Attend a writers’ conference or read a book on craft and you’ll receive this advice: “If you’re serious about writing, join a critique group.”
The first time I heard this I thought, You want me to let someone read my writing and tell me it’s drivel? No thanks, I can figure that out on my own.
The truth is, I can’t figure it out on my own. I have blind spots. And I have no way of knowing how others will perceive my words.
Maybe your pendulum swings to the opposite end of the spectrum and you think, I know how to write. I don’t need anyone telling me where to put commas or that my protagonist lacks dimension.
So, why do writers need each other?
Here are some benefits a critique group provides:
As writers the only feedback we receive comes in the form of acceptance letters or rejection notices. By the time we receive either, we’ve invested a lot of time, effort and emotion creating our article or manuscript. Critique group members point out our strengths and weaknesses before we send anything out. Then we can fix any problems and increase our acceptances.
I’d much rather hear from my writer friends that I need to work out some bugs in my writing than have it rejected by a publisher.
Insight into the Craft
Our writers are serious about learning the craft. And they bring unique knowledge and skills to each manuscript. This results in a steep increase in knowledge and skills for each writer.
I have learned more from my critique partners than I have through books or workshops.
Emotional and Spiritual Support
Writing is hard, and often lonely work. Meeting regularly with other writers provides camaraderie and encouragement we miss if we choose to be lone-ranger writers. Our group members pray for each other and our projects.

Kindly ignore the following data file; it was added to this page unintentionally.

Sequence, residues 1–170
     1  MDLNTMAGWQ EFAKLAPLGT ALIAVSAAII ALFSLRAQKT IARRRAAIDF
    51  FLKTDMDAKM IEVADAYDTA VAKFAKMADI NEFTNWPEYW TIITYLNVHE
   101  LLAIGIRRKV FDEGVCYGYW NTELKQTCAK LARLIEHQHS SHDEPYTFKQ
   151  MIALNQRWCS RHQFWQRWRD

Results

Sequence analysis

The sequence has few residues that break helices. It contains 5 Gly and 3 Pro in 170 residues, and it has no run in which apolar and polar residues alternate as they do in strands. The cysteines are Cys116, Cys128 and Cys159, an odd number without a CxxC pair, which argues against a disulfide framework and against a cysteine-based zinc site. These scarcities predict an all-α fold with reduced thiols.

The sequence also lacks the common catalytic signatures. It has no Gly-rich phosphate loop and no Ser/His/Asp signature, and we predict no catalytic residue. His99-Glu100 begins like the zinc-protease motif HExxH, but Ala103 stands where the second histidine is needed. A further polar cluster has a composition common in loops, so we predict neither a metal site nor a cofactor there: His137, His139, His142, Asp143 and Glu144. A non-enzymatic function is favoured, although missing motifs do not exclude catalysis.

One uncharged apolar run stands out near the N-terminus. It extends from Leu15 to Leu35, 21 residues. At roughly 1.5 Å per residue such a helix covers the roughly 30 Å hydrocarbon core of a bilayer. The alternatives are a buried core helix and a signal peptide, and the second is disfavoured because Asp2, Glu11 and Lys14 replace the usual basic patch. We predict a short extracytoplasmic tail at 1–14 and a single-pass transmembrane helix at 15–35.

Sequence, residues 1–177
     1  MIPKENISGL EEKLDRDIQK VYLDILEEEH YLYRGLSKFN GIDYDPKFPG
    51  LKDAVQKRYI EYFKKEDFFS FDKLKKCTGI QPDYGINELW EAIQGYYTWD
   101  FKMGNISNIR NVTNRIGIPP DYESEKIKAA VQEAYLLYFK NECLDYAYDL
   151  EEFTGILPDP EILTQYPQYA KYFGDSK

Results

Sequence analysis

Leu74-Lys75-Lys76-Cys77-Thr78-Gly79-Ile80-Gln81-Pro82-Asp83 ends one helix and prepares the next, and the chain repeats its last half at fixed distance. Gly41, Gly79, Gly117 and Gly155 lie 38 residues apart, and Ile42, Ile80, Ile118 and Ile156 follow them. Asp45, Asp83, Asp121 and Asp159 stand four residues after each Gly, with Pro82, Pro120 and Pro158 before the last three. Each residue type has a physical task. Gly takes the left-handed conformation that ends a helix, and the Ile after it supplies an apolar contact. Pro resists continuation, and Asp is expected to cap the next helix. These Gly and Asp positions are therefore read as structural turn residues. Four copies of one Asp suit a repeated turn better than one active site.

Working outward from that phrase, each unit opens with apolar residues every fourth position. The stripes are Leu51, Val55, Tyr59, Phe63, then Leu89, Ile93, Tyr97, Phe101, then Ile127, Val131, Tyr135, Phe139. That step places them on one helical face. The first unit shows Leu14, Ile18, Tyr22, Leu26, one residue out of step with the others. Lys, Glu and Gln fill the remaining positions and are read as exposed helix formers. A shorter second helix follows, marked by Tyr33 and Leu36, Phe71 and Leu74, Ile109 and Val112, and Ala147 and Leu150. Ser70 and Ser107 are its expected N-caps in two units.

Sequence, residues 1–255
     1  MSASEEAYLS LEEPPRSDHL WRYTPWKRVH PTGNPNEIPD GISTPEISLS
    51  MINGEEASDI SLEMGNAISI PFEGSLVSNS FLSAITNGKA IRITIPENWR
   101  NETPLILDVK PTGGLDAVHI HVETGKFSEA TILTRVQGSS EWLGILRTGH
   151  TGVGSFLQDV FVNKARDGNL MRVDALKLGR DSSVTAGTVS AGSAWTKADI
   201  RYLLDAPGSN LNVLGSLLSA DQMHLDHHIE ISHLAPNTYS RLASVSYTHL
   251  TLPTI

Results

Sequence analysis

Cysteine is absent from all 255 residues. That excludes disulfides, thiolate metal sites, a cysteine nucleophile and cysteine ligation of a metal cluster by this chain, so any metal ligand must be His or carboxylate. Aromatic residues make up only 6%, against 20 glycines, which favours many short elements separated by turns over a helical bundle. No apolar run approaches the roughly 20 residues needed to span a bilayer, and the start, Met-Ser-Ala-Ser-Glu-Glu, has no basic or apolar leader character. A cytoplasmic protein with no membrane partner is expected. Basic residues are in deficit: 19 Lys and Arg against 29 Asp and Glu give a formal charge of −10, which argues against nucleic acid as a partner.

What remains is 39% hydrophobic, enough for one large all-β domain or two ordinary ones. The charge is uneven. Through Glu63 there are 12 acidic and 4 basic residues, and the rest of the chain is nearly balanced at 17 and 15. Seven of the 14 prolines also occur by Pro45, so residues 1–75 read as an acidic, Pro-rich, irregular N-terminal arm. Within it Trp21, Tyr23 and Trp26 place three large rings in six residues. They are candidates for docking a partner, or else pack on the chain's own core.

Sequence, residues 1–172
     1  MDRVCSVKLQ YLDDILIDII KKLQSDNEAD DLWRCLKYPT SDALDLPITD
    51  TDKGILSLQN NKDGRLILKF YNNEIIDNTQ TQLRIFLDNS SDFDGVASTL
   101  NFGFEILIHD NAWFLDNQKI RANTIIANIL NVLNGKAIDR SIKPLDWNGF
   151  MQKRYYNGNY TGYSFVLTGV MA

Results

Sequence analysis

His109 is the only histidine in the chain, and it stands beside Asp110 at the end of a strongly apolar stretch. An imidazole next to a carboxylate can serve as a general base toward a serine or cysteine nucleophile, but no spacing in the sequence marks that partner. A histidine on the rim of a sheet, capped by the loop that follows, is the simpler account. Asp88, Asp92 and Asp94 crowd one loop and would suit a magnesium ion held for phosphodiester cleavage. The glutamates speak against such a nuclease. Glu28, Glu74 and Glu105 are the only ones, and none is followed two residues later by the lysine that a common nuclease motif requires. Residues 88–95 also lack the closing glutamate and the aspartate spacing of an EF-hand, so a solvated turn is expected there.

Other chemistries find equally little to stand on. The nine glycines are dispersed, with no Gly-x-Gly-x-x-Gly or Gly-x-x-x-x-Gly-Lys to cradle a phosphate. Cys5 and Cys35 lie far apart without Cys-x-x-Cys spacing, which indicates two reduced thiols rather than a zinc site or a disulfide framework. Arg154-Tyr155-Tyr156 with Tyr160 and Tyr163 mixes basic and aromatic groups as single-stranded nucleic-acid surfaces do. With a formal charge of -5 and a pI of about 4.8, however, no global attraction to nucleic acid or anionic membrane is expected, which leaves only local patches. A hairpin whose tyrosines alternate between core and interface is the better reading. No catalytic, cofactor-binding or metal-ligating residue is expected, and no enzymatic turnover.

We commiserate when our work is rejected. And sharing the journey with other writers makes the joys more joyful as we celebrate our victories.
Learning About the Publishing Industry
The world of publishing is changing fast. In order to stay up with the changes, our writers stay plugged in through industry publications, blogs, tweets, Facebook and conferences. We share information we gather and help each other understand the big picture and how we fit into it.
I don’t know about you, but I need deadlines. Meeting regularly with my critique group provides them.
These are just a few of the benefits of critique groups. I’m sure you could add to this list. Let me know how your critique group helps you.
Not in a group yet? You can get connected by submitting a Critique Group Interest Form and one of our leaders will help you get plugged in.
Elizabeth M. Thompson leads Inspire Christian Writers. When she’s not working on nonfiction projects, she can be found pedaling beside or paddling along the American River. She enjoys connecting with other writers via Facebook, Twitter and Pinterest.
She has an active home which she shares with her fabulous husband Mike, three children, two dogs and a few errant dust bunnies.